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Dallas City Council Votes To End 5-Cent Plastic Bag Fee

BJ Austin
The Dallas City Council on Wednesday voted to end the city’s controversial plastic bag fee.";

The controversial plastic bag ordinance in Dallas has been trashed.

On Wednesday, the Dallas City Council repealed the ordinance. The council also voted down an attempt at an all-out plastic bag ban.

Starting Monday, shoppers will no longer have to pay the 5-cents-per-bag fee. 

Plastic shopping bags may be flimsy, but they’ve generated substantial conflict at City Hall. 

Since Jan. 1, retailers had been required to charge customers 5 cents for a single-use bag. But last month, a group of bag manufacturers sued the city over the 5-cent fee, which the council approved last year. City officials say the fee probably wouldn't survive a court battle.

On Wednesday, the measure to ban plastic bags failed 9-6. Repealing the 5-cent bag fee ordinance passed 10-4.

Dallas City Council member Dwaine Caraway was not pleased with either vote. He championed the effort to get rid of disposable bags. He cited other cities that have bag fees and says that dropping the bag fee is "taking Dallas backwards."  Austin, for example, has a bag ban.

'Culture of clean'

Caraway used Mayor Mike Rawlings’ own words to make his point.

"Mayor, you have always talked about the 'culture of clean,'" Caraway said. "And we cannot advance this city if it's dirty. We cannot ask people to come and bring their companies here if it is dirty."

Caraway’s comments, complete with plastic bags as props, were impassioned and almost pleading.

“We just can’t have a dirty, trashy city and call ourselves a world-class city. We are a world-class city!" Caraway said.  "We will eventually be known as the world-class city of plastic bags if we fail to make the decision today.”

The 5-cent bag fee has raised about $500,000. Rawlings, who said the bag fee has been "difficult at times," wasn't happy that several city workers have had to take time away from their regular work to help enforce the ordinance.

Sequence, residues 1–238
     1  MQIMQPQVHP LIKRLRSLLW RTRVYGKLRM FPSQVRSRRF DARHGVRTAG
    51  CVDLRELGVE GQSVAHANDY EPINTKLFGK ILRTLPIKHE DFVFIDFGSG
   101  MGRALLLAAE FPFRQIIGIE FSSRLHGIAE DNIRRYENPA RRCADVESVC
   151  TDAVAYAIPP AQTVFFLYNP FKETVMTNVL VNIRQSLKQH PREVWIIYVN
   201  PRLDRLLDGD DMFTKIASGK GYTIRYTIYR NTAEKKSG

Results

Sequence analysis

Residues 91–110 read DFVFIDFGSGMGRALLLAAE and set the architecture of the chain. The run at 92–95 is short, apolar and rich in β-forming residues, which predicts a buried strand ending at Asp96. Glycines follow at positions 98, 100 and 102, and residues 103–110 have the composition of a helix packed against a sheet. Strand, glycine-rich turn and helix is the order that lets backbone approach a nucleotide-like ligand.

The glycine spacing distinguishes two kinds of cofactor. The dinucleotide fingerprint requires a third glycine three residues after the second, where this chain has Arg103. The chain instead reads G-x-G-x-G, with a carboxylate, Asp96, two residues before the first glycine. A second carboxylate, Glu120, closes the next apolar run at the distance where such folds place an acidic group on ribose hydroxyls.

"The reason we’re here today is because we’re being sued," Rawlings said. "And the City Council felt that it was probably not right to fight this ordinance in court. There were folks on either side saying we don’t want to do that."

A personal decision

Several council members applauded Caraway’s presentation but said they couldn’t support a full ban. Rick Callahan was one of them.

“To make the broad brush thing of banning something really is anti-business," he said. "Rather than making people personally responsible, we play the nanny-state card and say 'let’s put the responsibility back on business.'”

Council member Jennifer Staubach Gates, who also voted against the ban, feels it’s too big a move by City Hall and says the choice should remain with citizens.

“If the residents of Dallas want a clean Dallas, they can make the choice not to pick up plastic bags at retailers that use them," she said. "They cannot shop at the places that distribute these kind of bags.”

Reaction from council members

Council member Jennifer Staubach Gates tweeted:

A man showed up wearing a bunch of plastic bags

'Kinda green, light green or mint green'

Here's what KERA reported in March 2014, when the council voted to approve the bag fee:

It took more than a year, but Dallas City Council member Dwaine Caraway told KERA before the meeting he was confident he had the votes to pass the partial ban. “Either we’re going to be green city, as the world is moving toward green, or we’re going to be kinda green, light green or mint green,” Caraway told KERA. “Either we’re going to be serious about our commitment or we’re going to half do the job.” Kroger spokesman Gary Huddleston said banning plastic bags creates other problems. “The theft has gone up because there are some customers, dishonest customers, that get a reusable bag, fill them up … and don’t pay for it,” he said.

'I think it's ridiculous'

In January, KERA reported on reaction to the bag fee:

Outside a Kroger near downtown, Tara O’Connor says she doesn’t mind the new fee. “I think it’s totally reasonable – five cents,” she says. “We need to stop doing this -- me included.” She was loading about a dozen plastic bags of groceries into her car. Shopper Christy Wilson takes the other side. “I think it’s ridiculous,” Wilson says. “I actually live in Fort Worth. And I shop here at lunch. It’ll prevent me from shopping in Dallas.”